U.S. government agency rules vary on specifying misbehavior
WASHINGTON (Reuters) - U.S. government agencies that send employees abroad on business have widely varying rules about personal behavior while on assignment and the consequences of violations, a problem that some lawmakers want to fix in response to a scandal this month involving Secret Service agents and Colombia prostitutes.
Reuters asked about half-a-dozen federal agencies whose employees frequently travel overseas whether they had specific rules on engaging with prostitutes or similar behavior.
The responses ranged from the tough language of the State Department, which forbids prostitution or other activities that promote sex trafficking, to the more general language of agencies like the Justice Department and the Department of Homeland Security, which caution employees not to bring dishonor to their employer.
Standards of conduct are normally made available to a federal employee at the time of hiring, but vagueness in their language may prove to be an issue only if an employee becomes entangled in a disciplinary or legal case.
The Secret Service declined to release its own internal conduct code to Reuters, saying that the policy is now subject to congressional inquiries.
Republican Representative Peter King, chairman of the Homeland Security Committee, last week asked the agency to answer a long list of questions about its policies on fraternizing with prostitutes, alcohol and drug use and other issues.
"All Secret Service employees are required to behave in a way personally and professionally that will not jeopardize their security clearance," said Edwin Donovan, Secret Service spokesman, while declining to release specifics.
Jon Adler, president of the Federal Law Enforcement Officers Association, said "when you're dealing with security clearances you do need to have better guidelines in terms of what is allowable conduct and what isn't when you're in a foreign venue."
More clarity was needed on interactions with people in other countries in a personal capacity and in areas where employees are permitted to go and who they have to notify, he said.
The agency that has received the most praise in the wake of the Secret Service scandal is the State Department, which lays out specifics about sexual misconduct on the job.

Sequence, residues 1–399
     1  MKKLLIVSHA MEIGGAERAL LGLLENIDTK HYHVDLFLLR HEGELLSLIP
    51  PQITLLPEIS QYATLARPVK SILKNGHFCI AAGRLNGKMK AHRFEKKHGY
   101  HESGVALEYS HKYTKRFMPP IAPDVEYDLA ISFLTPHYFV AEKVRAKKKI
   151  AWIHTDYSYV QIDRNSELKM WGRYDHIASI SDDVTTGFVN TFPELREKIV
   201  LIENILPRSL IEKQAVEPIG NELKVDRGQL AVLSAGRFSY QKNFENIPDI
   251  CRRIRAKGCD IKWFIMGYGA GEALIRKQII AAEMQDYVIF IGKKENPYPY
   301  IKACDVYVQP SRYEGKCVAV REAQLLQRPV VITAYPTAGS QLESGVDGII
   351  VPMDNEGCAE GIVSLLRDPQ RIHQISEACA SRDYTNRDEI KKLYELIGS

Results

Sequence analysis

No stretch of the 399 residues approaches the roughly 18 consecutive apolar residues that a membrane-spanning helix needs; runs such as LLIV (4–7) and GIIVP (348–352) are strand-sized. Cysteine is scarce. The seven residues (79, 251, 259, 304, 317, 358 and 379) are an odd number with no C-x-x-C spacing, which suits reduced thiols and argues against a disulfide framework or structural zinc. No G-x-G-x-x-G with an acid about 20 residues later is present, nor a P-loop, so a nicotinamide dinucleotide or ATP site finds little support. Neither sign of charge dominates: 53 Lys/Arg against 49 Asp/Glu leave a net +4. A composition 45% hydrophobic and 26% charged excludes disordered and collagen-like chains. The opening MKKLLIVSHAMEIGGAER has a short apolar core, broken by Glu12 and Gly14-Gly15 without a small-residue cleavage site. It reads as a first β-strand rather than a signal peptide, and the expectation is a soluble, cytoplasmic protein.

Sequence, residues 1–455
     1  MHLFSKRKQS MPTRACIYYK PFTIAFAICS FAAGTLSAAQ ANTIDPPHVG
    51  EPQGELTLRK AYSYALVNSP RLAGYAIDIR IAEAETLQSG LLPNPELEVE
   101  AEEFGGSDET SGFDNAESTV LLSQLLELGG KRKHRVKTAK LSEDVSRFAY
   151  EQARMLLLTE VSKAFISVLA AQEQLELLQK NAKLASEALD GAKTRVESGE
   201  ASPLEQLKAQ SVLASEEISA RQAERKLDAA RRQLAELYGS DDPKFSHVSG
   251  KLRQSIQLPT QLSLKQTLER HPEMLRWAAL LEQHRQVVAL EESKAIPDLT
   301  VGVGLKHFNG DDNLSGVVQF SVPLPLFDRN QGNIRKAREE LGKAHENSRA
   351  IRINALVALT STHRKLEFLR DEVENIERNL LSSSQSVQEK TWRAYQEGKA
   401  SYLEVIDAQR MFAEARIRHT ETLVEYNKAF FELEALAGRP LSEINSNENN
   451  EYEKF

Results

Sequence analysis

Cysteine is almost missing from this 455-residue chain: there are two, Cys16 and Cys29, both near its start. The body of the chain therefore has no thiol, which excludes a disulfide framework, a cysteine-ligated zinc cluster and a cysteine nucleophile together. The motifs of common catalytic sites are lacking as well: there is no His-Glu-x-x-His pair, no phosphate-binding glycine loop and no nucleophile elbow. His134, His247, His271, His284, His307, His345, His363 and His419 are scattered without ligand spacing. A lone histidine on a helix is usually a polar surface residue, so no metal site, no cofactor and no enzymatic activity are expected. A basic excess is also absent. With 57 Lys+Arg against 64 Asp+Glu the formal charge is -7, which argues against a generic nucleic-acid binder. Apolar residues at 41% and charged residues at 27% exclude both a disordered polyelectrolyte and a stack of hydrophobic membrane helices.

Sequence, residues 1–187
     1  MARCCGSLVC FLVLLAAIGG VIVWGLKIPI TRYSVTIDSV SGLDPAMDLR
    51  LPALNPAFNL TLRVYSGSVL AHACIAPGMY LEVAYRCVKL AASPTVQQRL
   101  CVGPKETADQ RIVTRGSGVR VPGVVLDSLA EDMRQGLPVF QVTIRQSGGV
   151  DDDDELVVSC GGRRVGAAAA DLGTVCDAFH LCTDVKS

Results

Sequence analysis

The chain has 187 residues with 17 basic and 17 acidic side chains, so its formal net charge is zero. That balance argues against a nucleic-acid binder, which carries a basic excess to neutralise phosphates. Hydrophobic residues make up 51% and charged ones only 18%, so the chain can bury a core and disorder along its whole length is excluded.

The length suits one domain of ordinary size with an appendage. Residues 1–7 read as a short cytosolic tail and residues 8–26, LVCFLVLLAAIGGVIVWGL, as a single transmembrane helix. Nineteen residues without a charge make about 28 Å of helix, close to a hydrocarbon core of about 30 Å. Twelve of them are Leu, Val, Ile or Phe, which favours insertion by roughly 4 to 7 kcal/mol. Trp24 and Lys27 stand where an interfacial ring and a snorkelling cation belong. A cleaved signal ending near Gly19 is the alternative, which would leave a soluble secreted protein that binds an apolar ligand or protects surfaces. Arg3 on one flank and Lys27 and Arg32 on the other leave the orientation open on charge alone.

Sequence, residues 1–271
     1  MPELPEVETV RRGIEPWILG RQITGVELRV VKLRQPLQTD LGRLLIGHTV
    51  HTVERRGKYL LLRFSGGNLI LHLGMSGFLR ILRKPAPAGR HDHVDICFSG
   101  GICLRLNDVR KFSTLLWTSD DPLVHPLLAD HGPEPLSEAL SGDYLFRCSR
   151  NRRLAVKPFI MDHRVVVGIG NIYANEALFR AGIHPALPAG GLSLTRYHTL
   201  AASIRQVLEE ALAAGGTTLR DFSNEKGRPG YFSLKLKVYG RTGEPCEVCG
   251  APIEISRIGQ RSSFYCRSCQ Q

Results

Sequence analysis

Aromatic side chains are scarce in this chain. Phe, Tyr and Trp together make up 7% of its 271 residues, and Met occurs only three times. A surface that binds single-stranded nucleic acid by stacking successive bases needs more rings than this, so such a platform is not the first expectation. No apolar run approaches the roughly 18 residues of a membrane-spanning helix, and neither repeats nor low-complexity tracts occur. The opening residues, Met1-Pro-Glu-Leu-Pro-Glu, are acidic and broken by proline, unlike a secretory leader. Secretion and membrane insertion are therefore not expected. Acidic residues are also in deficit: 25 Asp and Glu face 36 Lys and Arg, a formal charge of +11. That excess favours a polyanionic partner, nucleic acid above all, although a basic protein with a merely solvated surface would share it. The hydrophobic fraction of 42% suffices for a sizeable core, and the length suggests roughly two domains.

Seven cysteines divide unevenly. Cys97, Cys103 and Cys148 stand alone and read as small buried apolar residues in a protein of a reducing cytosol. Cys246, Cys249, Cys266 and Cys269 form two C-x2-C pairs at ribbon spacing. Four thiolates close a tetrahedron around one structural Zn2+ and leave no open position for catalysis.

Representative Darrell Issa, the Republican chairman of the House Oversight and Government Reform Committee, said last week, "the State department has guidelines that we would like to see incorporated fully into all of government, we'll be looking into that."
FOREIGN AFFAIRS MANUAL
The department's Foreign Affairs Manual is posted online here, and the rules prohibit members of the Foreign Service from engaging in "notoriously disgraceful conduct" that includes "frequenting of prostitutes" and "engaging in public or promiscuous sexual relations" (3 FAM 4139.14). It forbids engaging in sexual activity that could expose the employee to the "possibility of blackmail, coercion, or improper influence" (3 FAM 4139.1).
A 2008 State Department cable to overseas missions said "people who buy sex acts fuel the demand for sex trafficking" and that "irrespective of whether prostitution is legal in the host country, employees should not in any way abet sex trafficking or solicit people in prostitution."
Using prostitutes is grounds for disciplinary action, which may include firing, the State Department said. Adultery can also be a disciplinary offense if the spouse is unaware, and it exposes the employee to potential blackmail. Other behavior that can result in disciplinary action includes domestic violence, alcohol abuse, and drug use.
In the military, adultery is prohibited and can be prosecuted under the Uniform Code of Military Justice.
The Defense Department said visiting prostitutes can bring a maximum punishment of one year in prison, dishonorable discharge, and lost pay and benefits.
"A given action (that) might be legal in a particular country or even in a particular U.S. state is an irrelevant consideration - the various constraints and restrictions contained within the UCMJ have global application to all members of the U.S. military at all times," said a spokesman, Lieutenant Colonel Todd Breasseale.